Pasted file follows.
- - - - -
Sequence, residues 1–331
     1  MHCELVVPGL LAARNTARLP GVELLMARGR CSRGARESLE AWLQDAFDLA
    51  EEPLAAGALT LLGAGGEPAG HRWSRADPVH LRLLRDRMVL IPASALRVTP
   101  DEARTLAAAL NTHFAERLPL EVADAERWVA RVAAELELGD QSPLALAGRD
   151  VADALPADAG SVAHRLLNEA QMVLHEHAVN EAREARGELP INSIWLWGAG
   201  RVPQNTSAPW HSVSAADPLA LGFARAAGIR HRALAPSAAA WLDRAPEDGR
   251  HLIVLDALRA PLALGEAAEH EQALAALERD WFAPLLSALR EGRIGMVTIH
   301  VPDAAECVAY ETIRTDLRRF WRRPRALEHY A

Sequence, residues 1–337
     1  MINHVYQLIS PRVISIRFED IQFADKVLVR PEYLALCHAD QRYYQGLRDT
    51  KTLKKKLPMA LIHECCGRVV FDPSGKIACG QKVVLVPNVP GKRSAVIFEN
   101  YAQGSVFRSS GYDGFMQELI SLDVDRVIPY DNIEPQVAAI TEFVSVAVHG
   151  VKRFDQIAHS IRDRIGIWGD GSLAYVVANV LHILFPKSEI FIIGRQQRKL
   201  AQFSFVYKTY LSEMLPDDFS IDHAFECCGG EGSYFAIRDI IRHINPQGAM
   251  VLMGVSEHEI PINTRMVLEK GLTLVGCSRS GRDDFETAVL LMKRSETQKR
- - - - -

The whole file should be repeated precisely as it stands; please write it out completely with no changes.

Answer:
Sequence, residues 1–331
     1  MHCELVVPGL LAARNTARLP GVELLMARGR CSRGARESLE AWLQDAFDLA
    51  EEPLAAGALT LLGAGGEPAG HRWSRADPVH LRLLRDRMVL IPASALRVTP
   101  DEARTLAAAL NTHFAERLPL EVADAERWVA RVAAELELGD QSPLALAGRD
   151  VADALPADAG SVAHRLLNEA QMVLHEHAVN EAREARGELP INSIWLWGAG
   201  RVPQNTSAPW HSVSAADPLA LGFARAAGIR HRALAPSAAA WLDRAPEDGR
   251  HLIVLDALRA PLALGEAAEH EQALAALERD WFAPLLSALR EGRIGMVTIH
   301  VPDAAECVAY ETIRTDLRRF WRRPRALEHY A

Sequence, residues 1–337
     1  MINHVYQLIS PRVISIRFED IQFADKVLVR PEYLALCHAD QRYYQGLRDT
    51  KTLKKKLPMA LIHECCGRVV FDPSGKIACG QKVVLVPNVP GKRSAVIFEN
   101  YAQGSVFRSS GYDGFMQELI SLDVDRVIPY DNIEPQVAAI TEFVSVAVHG
   151  VKRFDQIAHS IRDRIGIWGD GSLAYVVANV LHILFPKSEI FIIGRQQRKL
   201  AQFSFVYKTY LSEMLPDDFS IDHAFECCGG EGSYFAIRDI IRHINPQGAM
   251  VLMGVSEHEI PINTRMVLEK GLTLVGCSRS GRDDFETAVL LMKRSETQKR